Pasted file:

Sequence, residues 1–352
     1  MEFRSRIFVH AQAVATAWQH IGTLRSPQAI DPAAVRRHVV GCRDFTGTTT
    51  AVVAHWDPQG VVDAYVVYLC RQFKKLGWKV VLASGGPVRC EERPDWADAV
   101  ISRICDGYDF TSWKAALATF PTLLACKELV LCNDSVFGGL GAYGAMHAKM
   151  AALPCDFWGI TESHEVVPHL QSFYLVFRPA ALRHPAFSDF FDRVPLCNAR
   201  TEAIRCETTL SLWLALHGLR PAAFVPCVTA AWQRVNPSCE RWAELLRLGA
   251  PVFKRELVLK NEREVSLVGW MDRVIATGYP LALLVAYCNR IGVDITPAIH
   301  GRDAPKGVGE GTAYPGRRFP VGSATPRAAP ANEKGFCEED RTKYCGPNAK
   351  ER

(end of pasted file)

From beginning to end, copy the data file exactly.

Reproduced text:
Sequence, residues 1–352
     1  MEFRSRIFVH AQAVATAWQH IGTLRSPQAI DPAAVRRHVV GCRDFTGTTT
    51  AVVAHWDPQG VVDAYVVYLC RQFKKLGWKV VLASGGPVRC EERPDWADAV
   101  ISRICDGYDF TSWKAALATF PTLLACKELV LCNDSVFGGL GAYGAMHAKM
   151  AALPCDFWGI TESHEVVPHL QSFYLVFRPA ALRHPAFSDF FDRVPLCNAR
   201  TEAIRCETTL SLWLALHGLR PAAFVPCVTA AWQRVNPSCE RWAELLRLGA
   251  PVFKRELVLK NEREVSLVGW MDRVIATGYP LALLVAYCNR IGVDITPAIH
   301  GRDAPKGVGE GTAYPGRRFP VGSATPRAAP ANEKGFCEED RTKYCGPNAK
   351  ER